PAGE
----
The food you love to hate, chicken breasts often get a bad rap: On their own and without any seasoning, they can be bland, and if they’re boneless and skinless, then they turn from moist to dry in a matter of moments when cooking. But if cooked properly (as in, not scorched beyond oblivion) and flavored, even with just salt and pepper, the go-to chicken breast can save many a day in the kitchen. This culinary workhorse is a blank canvas that you can dress up with nearly any ingredients (think Italian, Asian, French and Mexican profiles, among others) for breakfast, lunch and dinner; plus, it’s an inexpensive cut of meat that the whole family will enjoy. You can count on that. Below, in no particular order, are 11 times you’ll realize the humble chicken breast is your best friend in the refrigerator.
When You Run Out of Tomatoes on Pasta Night: Who says pasta must be served with red sauce? Rachael’s 30-minute Chicken Piccata Pasta Toss is just that — penne noodles quickly and simply tossed with classic chicken piccata fixings, like buttery chicken tenders and a bold lemon-caper sauce.
by Maria Russo in Recipes, January 21st, 2015
As a mom of four small kids, I love dinners you can cook once, then use again in a new way later in the week. I call them “2 Dinners in 1,” but today I’m sharing how to be a suppertime overachiever. No two dinners here. Nope, this strategy is a bona fide three-in-one timesaver. After roasting a classic chicken and vegetables, you’ll serve chicken breasts and some of those veggies for a family-friendly meal. Dinner two will be legs and thighs in a simple casserole, and finally on night three, you’ll put leftovers to work in a whole delicious stock. Here’s your game plan for making it work.
Dinner #1: Easy Lemon Roasted Chicken with Carrots & Potatoes (pictured above)
- Use the largest bird you can find, then slather a quickie vinaigrette — I like olive oil, thyme, fresh lemon juice and zest, plus salt and pepper — on both the chicken and vegetables. Be sure to double the amount of vegetables, so you’re cooking another dinner’s worth of carrots and potatoes (plus any other vegetables you like, sweet potatoes, butternut squash and so on), and cook them on a separate baking sheet. And if you don’t have enough lemon vinaigrette for the second pan, just use olive oil with salt and pepper.
- Cut up the breasts for dinner, using Alton Brown’s method for carving a turkey, and remove each breast in one large piece before dicing it up to serve. (P.S. Ina Garten does this for chicken too.)
- Serve just the chicken breast and roasted vegetables with a nice loaf of crusty bread and soft salted butter. Reserve everything else — and I do mean everything, including the bones!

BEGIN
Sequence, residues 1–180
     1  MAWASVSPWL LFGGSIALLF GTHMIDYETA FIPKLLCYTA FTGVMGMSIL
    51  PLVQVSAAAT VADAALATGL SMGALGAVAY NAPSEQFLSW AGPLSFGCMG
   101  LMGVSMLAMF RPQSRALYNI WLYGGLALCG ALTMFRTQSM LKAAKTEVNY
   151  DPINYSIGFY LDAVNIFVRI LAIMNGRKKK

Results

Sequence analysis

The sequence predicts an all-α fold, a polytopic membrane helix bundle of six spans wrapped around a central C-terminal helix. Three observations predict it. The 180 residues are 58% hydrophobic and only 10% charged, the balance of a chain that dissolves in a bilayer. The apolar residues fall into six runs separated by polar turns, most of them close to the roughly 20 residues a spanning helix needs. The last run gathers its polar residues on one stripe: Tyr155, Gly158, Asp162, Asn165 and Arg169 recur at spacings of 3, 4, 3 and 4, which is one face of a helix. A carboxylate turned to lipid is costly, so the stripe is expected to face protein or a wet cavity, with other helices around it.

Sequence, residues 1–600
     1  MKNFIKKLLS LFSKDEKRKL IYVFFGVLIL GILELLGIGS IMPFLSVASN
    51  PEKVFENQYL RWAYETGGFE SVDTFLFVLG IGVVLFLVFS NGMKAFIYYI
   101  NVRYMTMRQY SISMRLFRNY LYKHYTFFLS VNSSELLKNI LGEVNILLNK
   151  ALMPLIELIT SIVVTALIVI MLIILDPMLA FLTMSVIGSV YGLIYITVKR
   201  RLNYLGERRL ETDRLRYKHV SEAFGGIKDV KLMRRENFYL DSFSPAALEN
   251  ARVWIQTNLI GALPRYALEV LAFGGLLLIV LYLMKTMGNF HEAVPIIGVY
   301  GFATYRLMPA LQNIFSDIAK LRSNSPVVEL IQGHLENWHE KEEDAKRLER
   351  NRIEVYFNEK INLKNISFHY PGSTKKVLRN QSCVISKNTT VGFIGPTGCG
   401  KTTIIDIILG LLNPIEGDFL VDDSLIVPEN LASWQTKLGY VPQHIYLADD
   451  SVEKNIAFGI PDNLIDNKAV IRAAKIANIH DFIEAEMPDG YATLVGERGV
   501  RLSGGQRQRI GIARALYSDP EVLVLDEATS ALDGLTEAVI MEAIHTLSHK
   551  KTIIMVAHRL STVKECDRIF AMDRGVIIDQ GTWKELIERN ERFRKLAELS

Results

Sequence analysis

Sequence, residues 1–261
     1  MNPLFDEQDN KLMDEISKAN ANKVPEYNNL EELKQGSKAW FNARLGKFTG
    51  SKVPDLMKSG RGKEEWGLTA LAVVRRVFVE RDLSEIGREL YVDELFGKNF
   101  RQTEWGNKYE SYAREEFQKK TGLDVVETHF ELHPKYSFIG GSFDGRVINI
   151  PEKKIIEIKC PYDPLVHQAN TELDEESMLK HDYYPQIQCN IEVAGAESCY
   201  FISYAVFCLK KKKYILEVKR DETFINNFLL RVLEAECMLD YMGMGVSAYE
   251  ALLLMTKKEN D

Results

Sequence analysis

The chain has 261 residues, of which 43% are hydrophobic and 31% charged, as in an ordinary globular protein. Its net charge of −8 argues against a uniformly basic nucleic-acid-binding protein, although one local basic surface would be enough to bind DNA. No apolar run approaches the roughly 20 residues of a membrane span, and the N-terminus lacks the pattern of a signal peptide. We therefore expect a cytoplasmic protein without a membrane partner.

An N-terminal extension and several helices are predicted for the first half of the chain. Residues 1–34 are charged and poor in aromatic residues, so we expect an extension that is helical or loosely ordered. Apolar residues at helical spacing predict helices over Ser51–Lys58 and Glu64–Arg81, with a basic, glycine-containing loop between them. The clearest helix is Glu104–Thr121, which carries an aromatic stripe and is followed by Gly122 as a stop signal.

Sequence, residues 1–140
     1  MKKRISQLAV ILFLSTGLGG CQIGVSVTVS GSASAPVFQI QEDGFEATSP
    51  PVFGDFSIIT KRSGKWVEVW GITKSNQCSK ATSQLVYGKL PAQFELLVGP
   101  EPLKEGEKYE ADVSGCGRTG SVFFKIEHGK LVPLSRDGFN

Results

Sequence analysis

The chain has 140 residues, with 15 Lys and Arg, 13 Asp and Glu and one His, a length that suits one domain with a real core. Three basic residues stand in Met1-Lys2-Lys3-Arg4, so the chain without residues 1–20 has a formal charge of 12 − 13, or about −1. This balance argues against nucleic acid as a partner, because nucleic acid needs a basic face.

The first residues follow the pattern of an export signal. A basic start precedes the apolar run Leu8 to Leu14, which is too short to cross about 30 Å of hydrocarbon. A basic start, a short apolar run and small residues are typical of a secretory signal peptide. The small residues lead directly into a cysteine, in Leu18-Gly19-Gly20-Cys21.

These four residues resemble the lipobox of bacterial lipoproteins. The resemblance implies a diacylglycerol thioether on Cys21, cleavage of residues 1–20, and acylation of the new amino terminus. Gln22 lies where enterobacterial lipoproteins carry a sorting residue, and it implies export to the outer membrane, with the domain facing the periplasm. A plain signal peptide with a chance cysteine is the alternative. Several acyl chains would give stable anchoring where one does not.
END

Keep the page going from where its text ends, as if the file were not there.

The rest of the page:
by Maria Russo in Recipes, January 14th, 2015
Game day may be about the football game first and foremost, but surely Buffalo chicken wings are a close second in importance. Sweet, spicy and saucy, the tried-and-true wings are tailgating must-haves, but the flavors of chicken and Buffalo sauce shine beyond the bone-in meat. From Ree Drummond’s entree salad and Jeff Mauro’s satisfying sub to Food Network Magazine’s decadent mac and cheese, read on below to learn all-new ways to celebrate this classic football food.
1. Fried Buffalo Wings with Blue Cheese Sauce — Food Network Magazine’s bold rendition (pictured above) of the beloved Buffalo wings is a no-fail crowd-pleaser. After a quick deep-fry, toss the golden-brown wings in a buttery hot sauce, and serve alongside a cooling blue cheese-sour cream sauce.
by Marisa McClellan in Recipes, December 11th, 2014
While the humble chicken may carry the reputation of boring and basic, that’s likely only because it hasn’t been dressed up with flavor or texture. Since both white and dark meat chicken are culinary blank canvases, they pair well with myriad ingredients, and most can be prepared in a hurry too. Read on below for Food Network’s top-five takes on chicken dinners, from Alton Brown’s moist fried chicken to Ina Garten’s foolproof roast bird and more.
5. Fried Chicken — The ultimate in chicken indulgence, Alton’s juicy buttermilk-marinated chicken is seasoned with paprika and garlic powder and boasts a crispy, crunchy exterior thanks to a flour dredge before frying.
4. Chicken Parmigiana — Panko breading gives Bobby Flay’s thinly pounded chicken breasts plenty of crunchy texture, while a topping of homemade tomato-garlic sauce promises his signature bold flavor alongside gooey mozzarella cheese.
For the last few weeks, we’ve been using the Weekender column to talk about things you can do on Saturday or Sunday to make it easier to eat well throughout a busy week. There was this tasty meatloaf (double it and freeze one!), these suggestions for salad packing and this dead-easy one-pot pasta.
This week, I want to take a moment to advocate for a weekend batch of homemade sauce. Now, when I said the word “sauce,” I’m sure that most of you mentally inserted the word “tomato” before it. However, there is a world of sauces and pastes you can make on Sunday afternoon and use all week in your dinner prep that are faster, easier and just as delicious as your grandmother’s red “gravy.”